Last week’s column drew a big response. Not that any of the reporters or citizens who contacted me were surprised to learn that Upstate New York has remarkably high property taxes. But they were startled to learn that we claim 9 of the top 10 counties in the nation in property taxes as a percentage of home value.
If we agree that this is a problem (and, of course, some don’t, seeing high taxes as the fair price for a high level of government services), the question becomes, what can we do about it?
Property taxes are poised to be a big focus of this year’s legislative session in Albany. The three major players – Gov. Eliot Spitzer and the Senate and Assembly – each have ideas for addressing the issue.
We can expect to see Spitzer elaborate on his campaign promise to expand the existing School Tax Relief program in his upcoming budget proposal, due Jan. 31. Spitzer has pledged to increase home-value exemptions that reduce the amount homeowners pay in school taxes. According to a release from his campaigning days last fall, the details work as follows.
In the first year, the Spitzer plan would cost the state (which pays school districts the difference) an additional $1.5 billion, on top of the $3.4 billion current STAR expense.
Most of the additional benefit, $960 million, would go to nearly 2.2 million New Yorkers with incomes at or below the statewide median (this figure would be adjusted upward in high-cost areas downstate). New York City residents, who now don’t benefit much from STAR, would see an income-tax cut costing a total of $250 million. Another $290 million would go to taxpayers left out of the first two groups, except that the wealthiest 2% of New Yorkers with incomes exceeding $235,000 would not see any additional STAR benefit.
Most of the academic and fiscal watchdogs who have evaluated STAR judge it harshly and question why Spitzer is building upon it, considering that New York’s experience has shown it provides at best temporary relief from high taxes and has numerous other flaws. Some analysts, concerned about the fact that the original STAR program benefits wealthy homeowners the most, are gladdened to see Spitzer at least target more relief toward those with more modest incomes.
But school taxes are the bane of many a homeowner, and anything that sounds like it will cut them can have a nice ring to it. If Spitzer has done any rethinking of this plan, he hasn’t said so.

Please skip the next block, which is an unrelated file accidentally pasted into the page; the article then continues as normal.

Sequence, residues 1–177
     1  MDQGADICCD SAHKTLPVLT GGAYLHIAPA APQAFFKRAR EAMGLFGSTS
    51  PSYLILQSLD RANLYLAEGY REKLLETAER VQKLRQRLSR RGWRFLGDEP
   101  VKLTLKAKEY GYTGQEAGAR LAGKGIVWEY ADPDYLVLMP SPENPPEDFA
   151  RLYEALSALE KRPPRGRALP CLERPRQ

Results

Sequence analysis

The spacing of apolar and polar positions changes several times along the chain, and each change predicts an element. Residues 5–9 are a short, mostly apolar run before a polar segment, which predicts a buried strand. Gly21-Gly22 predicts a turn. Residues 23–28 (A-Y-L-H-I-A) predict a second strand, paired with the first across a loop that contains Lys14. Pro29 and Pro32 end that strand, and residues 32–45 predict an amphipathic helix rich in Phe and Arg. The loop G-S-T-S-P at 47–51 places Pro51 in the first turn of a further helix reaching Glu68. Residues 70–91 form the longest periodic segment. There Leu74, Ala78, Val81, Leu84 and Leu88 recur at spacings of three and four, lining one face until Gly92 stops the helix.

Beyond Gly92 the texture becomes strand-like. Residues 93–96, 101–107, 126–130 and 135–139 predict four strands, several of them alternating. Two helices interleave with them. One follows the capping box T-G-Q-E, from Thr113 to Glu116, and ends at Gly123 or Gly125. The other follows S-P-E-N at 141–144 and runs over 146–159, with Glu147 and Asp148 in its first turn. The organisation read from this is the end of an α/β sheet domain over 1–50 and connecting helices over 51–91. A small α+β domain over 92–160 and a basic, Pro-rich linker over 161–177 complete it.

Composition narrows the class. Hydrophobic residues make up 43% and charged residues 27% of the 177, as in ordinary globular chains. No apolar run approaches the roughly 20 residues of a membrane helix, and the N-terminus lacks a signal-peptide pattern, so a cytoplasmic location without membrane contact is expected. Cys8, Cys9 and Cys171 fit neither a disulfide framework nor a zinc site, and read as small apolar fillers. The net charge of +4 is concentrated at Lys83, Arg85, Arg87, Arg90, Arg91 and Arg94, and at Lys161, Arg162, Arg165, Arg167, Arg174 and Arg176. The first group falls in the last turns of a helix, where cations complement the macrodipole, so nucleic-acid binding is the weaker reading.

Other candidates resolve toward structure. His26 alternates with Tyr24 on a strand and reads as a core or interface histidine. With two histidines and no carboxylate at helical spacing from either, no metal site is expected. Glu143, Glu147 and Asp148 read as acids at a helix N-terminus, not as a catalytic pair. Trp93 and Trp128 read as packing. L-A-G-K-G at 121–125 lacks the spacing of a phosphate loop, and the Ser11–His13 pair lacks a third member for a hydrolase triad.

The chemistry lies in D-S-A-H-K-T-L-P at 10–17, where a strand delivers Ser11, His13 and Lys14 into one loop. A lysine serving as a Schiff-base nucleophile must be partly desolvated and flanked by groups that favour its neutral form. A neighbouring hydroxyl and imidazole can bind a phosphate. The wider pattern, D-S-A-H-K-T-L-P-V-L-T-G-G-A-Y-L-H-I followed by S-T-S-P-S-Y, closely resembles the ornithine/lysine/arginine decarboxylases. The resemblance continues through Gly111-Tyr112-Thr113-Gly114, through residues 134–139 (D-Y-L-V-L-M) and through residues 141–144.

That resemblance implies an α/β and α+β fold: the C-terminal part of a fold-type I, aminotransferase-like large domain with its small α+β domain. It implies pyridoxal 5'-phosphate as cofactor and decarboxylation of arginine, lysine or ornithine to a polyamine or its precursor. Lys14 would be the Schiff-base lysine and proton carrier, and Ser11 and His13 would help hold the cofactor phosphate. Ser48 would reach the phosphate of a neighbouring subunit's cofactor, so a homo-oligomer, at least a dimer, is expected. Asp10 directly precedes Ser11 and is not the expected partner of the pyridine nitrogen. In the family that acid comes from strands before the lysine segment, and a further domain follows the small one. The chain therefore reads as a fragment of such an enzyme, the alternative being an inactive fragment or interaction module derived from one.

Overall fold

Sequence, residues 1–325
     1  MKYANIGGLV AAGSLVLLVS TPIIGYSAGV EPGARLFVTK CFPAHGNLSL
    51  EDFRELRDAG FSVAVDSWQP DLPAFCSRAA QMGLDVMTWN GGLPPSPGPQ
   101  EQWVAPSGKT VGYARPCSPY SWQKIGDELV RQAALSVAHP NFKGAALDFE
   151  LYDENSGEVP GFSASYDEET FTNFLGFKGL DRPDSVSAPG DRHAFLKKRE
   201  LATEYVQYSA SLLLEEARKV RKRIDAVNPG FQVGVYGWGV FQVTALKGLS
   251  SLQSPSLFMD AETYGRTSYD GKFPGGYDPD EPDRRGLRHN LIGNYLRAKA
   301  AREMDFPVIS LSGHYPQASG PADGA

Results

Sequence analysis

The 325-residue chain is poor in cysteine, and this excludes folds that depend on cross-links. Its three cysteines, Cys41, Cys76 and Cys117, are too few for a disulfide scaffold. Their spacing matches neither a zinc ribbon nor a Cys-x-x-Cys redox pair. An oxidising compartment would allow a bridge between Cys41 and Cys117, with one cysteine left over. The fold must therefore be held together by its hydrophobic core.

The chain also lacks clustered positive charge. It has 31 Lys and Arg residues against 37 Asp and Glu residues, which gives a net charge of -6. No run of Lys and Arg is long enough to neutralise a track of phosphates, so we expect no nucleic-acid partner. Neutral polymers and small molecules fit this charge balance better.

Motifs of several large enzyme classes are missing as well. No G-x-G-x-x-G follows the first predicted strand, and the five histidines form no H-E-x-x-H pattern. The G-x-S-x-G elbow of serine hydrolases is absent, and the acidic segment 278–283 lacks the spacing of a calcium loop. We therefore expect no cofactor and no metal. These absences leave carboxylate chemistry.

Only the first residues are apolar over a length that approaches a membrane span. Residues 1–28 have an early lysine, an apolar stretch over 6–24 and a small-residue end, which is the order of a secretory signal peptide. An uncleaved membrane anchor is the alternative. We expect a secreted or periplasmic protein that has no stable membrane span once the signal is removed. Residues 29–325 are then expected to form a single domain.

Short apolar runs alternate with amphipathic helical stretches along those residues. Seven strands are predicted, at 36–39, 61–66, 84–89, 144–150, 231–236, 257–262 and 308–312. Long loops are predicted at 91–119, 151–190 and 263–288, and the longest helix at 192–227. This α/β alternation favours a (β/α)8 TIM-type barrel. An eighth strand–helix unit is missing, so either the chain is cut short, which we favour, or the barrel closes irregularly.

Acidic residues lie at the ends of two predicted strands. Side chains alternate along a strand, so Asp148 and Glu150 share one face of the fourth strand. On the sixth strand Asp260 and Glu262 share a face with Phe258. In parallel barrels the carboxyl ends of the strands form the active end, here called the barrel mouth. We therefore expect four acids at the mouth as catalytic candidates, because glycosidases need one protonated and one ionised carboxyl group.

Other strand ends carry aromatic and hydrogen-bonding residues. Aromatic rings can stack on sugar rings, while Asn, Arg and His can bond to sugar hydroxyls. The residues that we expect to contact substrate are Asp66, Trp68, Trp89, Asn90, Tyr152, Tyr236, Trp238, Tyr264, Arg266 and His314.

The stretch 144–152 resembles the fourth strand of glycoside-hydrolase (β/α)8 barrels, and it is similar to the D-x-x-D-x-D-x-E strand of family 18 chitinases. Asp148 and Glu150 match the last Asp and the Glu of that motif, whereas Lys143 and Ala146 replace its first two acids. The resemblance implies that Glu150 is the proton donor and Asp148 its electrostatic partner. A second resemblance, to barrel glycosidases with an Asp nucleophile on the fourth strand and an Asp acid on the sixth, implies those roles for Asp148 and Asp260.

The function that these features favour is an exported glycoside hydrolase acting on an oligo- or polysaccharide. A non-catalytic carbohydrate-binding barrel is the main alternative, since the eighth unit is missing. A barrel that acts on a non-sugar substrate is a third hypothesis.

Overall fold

Senate Majority Leader Joseph Bruno has proposed a more expensive plan that builds upon the Legislature’s action last year in sending school tax “rebate checks” to homeowners across the state. If that sounds a little like what you might get from a car dealer, the checks were viewed in a similar light by many New Yorkers, especially since they arrived in mailboxes weeks before every legislator faced re-election at the polls.
The amount of the rebate is based on the current STAR program, which sends more relief to taxpayers in counties with high home values. Bruno would triple the rebates, boosting their cost from $900 million last year to $2.6 billion this year – remember that’s on top of the existing $3.4 billion cost for STAR.
Bruno and fellow Senate Republicans also want a Blue Ribbon Commission to study the property-tax problem and they want to allow for voter-initiated tax rate limits. Voters fed up with high taxes could collect signatures, place a proposition of the ballot, and enact a three-year cap on tax rates.
Democrats in the Assembly plan to look at the problem in a Feb. 6 hearing in Albany. The hearing looks to be more focused on the technical, but critical, questions of ensuring that property is accurately assessed for tax purposes. But it will also touch on a bill by the Assembly’s property-tax committee chairwoman, Sandra Galef, to create a Blue Ribbon Commission to study the property tax and possible alternatives to raising money for schools.
For more ideas from experts inside and outside of state government, check out CGR’s report on our Jan. 10 property tax conference at www.newyorkmatters.org.
The fact that Albany is paying attention will encourage or scare you depending on your view of the Capitol. Whatever action state government ends up taking, the impact on local property taxes could be minimal. After all, local taxes are determined at the local level. Yes, they are heavily influenced by what happens in Albany, whether state aid to schools and local governments goes up, what happens with the Medicaid subsidized health program and more.
But ultimately, those of us who complain about property taxes need to get involved. Start thinking about what government services you would be willing to give up in order to reduce your tax bill. Would you surrender your local village or school district to merge into a larger entity and save money? And, if you think the problem is politicians who spend too much, are you willing to vote against them? To some extent, politicians view the electorate like spoiled children who can’t be satisfied (we want our services and low taxes BOTH, and we’ll keep voting for incumbents until they give them to us!) because that’s how we act.